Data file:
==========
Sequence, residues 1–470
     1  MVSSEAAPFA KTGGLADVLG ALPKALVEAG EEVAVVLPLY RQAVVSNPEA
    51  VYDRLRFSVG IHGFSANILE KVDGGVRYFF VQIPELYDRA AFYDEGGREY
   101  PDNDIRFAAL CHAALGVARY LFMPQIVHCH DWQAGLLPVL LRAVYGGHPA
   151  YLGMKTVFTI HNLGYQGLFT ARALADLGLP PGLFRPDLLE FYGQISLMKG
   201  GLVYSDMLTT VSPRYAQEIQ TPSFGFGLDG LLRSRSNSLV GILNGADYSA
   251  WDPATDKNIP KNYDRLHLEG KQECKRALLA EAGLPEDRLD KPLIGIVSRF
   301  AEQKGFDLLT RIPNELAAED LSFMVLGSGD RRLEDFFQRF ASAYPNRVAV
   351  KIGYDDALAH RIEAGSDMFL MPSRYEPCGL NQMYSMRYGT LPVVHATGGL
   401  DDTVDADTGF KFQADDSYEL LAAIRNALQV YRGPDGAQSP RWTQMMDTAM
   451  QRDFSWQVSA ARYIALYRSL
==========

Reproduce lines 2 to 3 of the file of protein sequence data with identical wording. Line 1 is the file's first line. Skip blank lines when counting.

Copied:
     1  MVSSEAAPFA KTGGLADVLG ALPKALVEAG EEVAVVLPLY RQAVVSNPEA
    51  VYDRLRFSVG IHGFSANILE KVDGGVRYFF VQIPELYDRA AFYDEGGREY